You'll see a number of related responses by myself throughout these forums about overtreating and incorrect treatment. The practitioner can vary the intensity of the treatment through various needling techniques, strong or weak moxibustion, strong or weak cupping, strong or weak tuina, etc. In very general terms you can use stronger techniques on more robust people with excess conditions and you work more gently on weaker more deficient patients.
With regards to choosing incorrect points, I can say the following. Acupuncture is generally free from side effects but may also be relatively free of results if people are treated incorrectly. Certainly, consistent incorrect treatment may eventually cause or contribute to imbalances within a person and this should be avoided. One or two treatments that don't go entirely well can easily be accounted for in follow up treatments and is a part of the process overall - particularly in difficult cases.
As acupuncture is about promoting the bodies natural healing functions and removing obstructions to these functions, many of the points have broad usages. Because of this, acupuncture is much more forgiving than say herbal medicine. That said, you can waste an awful lot of your patients time not being clear in what you are trying to accomplish. Constructing and carefully recording effective point prescriptions is crucial to getting results. You may find the article - general point selection rules - helpful in this regard.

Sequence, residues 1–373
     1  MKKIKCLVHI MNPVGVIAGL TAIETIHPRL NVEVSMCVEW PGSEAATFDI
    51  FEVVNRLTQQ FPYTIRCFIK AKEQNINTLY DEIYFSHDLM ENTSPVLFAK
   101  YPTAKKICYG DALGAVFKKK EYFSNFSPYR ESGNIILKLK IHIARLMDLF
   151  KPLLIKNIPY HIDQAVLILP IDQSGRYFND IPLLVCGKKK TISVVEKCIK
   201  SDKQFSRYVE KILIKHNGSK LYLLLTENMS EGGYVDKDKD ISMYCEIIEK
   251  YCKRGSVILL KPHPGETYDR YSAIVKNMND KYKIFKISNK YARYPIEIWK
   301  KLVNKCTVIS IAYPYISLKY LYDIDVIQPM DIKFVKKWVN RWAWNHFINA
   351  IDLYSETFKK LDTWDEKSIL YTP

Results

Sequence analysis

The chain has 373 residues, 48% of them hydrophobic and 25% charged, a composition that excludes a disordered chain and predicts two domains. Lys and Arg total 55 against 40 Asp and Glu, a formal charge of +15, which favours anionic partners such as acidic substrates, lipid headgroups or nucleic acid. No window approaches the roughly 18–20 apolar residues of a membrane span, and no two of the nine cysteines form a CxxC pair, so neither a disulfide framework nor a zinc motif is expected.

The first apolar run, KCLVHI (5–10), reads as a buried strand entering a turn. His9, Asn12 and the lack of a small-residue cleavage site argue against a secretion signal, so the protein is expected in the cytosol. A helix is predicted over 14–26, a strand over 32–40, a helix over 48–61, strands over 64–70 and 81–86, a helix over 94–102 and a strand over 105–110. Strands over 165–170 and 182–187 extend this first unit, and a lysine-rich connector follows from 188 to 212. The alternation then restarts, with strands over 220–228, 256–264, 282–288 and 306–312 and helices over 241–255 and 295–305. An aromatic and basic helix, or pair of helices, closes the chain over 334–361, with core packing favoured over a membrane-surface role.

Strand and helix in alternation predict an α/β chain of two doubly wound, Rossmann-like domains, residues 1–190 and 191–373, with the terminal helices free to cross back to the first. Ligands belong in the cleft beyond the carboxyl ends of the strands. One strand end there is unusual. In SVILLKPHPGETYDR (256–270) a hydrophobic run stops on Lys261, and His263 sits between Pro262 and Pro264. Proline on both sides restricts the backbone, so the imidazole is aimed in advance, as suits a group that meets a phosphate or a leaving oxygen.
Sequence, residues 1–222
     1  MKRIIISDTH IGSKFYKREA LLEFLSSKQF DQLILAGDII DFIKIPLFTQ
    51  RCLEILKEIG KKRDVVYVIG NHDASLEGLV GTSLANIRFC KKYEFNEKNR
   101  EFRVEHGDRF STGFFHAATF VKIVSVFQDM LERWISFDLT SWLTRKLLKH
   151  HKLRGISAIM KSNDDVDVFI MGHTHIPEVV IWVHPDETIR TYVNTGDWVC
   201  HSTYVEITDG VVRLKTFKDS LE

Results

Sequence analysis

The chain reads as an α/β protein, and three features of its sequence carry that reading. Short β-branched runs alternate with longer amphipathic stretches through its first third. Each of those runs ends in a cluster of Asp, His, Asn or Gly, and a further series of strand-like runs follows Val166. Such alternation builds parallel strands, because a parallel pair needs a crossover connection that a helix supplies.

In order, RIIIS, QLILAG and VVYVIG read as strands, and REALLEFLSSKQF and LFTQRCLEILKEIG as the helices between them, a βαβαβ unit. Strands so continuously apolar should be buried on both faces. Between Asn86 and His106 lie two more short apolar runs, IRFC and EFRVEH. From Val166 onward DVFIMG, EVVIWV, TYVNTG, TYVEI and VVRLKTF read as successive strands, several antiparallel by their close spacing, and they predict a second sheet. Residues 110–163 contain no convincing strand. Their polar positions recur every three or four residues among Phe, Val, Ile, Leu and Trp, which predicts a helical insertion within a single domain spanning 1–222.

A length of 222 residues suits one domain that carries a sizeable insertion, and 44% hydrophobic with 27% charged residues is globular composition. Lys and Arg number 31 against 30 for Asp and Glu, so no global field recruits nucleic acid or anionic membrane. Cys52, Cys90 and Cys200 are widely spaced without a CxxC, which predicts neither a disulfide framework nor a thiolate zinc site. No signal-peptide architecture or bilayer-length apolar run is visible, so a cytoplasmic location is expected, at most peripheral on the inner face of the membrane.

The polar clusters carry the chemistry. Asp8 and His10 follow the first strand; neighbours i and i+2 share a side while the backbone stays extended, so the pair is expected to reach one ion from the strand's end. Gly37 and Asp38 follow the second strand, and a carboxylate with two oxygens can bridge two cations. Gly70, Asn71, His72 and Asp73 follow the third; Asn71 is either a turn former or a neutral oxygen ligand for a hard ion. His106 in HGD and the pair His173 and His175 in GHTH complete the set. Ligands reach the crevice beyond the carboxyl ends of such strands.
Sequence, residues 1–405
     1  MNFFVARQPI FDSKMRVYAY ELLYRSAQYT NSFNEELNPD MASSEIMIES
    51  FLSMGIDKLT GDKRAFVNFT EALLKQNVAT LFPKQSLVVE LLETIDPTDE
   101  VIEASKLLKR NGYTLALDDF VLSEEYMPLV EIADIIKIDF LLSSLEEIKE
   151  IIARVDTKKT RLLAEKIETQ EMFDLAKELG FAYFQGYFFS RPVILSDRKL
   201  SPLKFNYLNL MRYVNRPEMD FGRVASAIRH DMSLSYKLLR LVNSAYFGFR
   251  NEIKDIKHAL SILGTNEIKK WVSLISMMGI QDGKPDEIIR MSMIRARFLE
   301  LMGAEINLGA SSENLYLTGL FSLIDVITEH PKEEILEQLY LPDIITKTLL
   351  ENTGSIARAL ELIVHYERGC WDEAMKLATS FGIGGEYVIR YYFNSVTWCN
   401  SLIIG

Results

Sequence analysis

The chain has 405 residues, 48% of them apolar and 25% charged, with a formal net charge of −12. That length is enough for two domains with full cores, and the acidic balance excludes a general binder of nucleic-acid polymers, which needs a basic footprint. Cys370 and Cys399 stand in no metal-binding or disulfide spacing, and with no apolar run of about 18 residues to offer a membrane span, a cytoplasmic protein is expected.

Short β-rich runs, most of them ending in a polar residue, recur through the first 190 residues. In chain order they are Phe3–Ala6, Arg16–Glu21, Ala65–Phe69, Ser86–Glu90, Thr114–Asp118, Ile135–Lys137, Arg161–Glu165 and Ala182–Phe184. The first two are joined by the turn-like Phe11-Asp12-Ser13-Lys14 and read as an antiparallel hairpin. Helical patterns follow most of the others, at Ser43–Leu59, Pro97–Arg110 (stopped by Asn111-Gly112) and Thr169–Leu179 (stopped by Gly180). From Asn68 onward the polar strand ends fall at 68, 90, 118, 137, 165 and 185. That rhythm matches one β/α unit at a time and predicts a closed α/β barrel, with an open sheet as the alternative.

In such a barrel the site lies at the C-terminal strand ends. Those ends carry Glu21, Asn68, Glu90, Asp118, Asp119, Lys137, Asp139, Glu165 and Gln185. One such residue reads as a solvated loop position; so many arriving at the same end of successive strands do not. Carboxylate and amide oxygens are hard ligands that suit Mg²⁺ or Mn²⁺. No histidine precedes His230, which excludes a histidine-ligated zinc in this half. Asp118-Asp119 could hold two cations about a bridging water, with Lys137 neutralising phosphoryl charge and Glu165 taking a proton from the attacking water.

The only problems I have witnessed as a practitioner is when you mix strong intense techniques with incorrect needling. For the most part these intense techniques are not necessary to get results (my opinion), so they should only be used (again, my opinion) for local issues or isolated conditions where you are certain of the effect you want. This way you avoid any potential for problems.
In my early years I used to travel around from practitioner to practitioner getting treatments. This way I could feel and experience what they were doing and feel the incredible range of sensations from practitioner to practitioner. A very important part of my learning process initially but I paid for it a number of times. I've been overtreated and, quite honestly, outright irritated by some of these excessive techniques. As a practitioner you need to first be certain of your diagnosis and what you are trying to accomplish with the treatment. Then you need to question every step along the way - not just in what you are doing, but what you are doing that you might not -need- to be doing. Overtime you will generate more efficient treatment methods and avoid side effects and complications.